I’m happy that some of my blog posts have become particularly well-trafficked resources on the interweb. I’ve often written about historical topics that interest me, and, oddly enough, those posts get more hits than posts about disability, politics and injustice, the main subjects of my Nick’s Crusade Blog.
This is a survey of the most viewed posts ever on this site…
This post, about the explorer Zheng He and the voyages of his grand treasure ships, is usually the most viewed post for any given week. Not only does the post shed light on the way-ahead-of-their-time ways that the Yongle Emperor projected power and influence with technology like the printing press and an enormous Navy (techniques that would seldom be used with such sophistication until the 19th century) but it also remains very relevant because it details a Chinese period of prolonged international engagement, trade and wealth only rivaled by the high water mark of Chinese power today. The end of the treasure ships, with hardliners burning them as an isolationist backlash swept the empire, illuminates a pattern you see over and over again in Chinese history: after the inevitable bust comes following an economic boom, Conservative Confucians take over and crackdown on trade after a harsh isolationist reaction. Today, China-watchers and investors, and indeed the PRC regime, worry about another cycle of isolationist backlash cropping up if Chinese people in the underdeveloped heartland don’t feel enough improvement in their lives from foreign trade and become angry.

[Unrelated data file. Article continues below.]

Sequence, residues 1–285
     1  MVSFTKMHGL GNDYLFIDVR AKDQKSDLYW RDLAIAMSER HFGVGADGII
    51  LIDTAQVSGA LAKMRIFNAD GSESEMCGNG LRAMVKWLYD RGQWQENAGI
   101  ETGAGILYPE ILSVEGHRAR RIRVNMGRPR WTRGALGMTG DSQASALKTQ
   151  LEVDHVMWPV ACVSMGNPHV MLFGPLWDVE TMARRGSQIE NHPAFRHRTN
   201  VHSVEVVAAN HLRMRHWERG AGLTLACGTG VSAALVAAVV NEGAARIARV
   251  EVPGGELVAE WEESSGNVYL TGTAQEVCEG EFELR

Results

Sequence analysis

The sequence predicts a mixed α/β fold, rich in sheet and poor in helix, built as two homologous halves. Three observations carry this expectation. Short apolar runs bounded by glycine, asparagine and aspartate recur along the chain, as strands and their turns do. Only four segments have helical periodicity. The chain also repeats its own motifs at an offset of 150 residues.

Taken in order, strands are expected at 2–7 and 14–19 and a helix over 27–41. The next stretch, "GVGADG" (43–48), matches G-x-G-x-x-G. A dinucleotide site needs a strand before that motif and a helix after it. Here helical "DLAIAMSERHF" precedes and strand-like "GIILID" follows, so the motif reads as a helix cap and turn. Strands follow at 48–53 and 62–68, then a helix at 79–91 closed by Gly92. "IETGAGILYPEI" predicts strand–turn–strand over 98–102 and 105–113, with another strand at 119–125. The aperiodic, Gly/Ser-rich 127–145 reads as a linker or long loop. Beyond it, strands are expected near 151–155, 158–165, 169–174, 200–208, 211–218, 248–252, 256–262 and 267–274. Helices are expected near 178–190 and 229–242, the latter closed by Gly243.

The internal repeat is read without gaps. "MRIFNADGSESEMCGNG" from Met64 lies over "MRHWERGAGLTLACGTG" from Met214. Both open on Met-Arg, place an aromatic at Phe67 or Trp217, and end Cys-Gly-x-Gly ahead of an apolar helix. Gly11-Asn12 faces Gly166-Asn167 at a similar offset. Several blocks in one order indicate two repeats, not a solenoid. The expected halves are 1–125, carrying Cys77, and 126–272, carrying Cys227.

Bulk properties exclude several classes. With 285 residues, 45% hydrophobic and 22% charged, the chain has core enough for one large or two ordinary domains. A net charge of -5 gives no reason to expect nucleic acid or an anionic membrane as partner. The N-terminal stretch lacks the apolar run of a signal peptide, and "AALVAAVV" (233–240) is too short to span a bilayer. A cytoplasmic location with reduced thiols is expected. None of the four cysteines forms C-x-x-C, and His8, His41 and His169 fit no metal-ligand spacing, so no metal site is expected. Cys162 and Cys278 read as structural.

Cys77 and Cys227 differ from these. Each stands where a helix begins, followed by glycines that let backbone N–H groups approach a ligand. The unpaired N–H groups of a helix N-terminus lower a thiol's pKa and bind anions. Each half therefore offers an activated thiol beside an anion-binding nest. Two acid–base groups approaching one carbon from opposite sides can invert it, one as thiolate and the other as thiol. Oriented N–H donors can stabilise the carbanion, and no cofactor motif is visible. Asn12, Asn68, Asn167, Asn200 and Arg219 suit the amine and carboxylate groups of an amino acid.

Rivaling “Zheng He” for the Top Search term leading people to my blog is “griffin” or related key words. This post is shockingly well-visited, and it’s one of the quickest ones I’ve written. I saw a program on the History channel about mythical creatures that suggested the Griffin came from ancient Scythian warriors who came upon dinosaur skulls and spread stories about Griffins to intimidate enemies, and decided to blast a quick blog post. I guess people really like Griffins.
This post, coming in a distant third in views, generates hits from the sheer bizarreness of the video it highlights, a war propaganda-era Disney short with Donald Duck dreaming he is a Nazi. Even though the film is clearly meant to mock and underline the failures of the Nazi system, seeing Donald in a Nazi uniform is still WEIRD!
This blog post of mine was published by the Greenhaven Press imprint of Gale Publishing in their Opposing Viewpoints Series, which is heavily used both in libraries and high school and college courses, to introduce differing views of the issues. it’s in the 2008 edition of Opposing Viewpoints: Health Care, if anyone is interested.
Also check out my comic art, Theodore Roosevelt and the Rough Riders vs. Zombies over at Superdude.org — it’s can’t miss!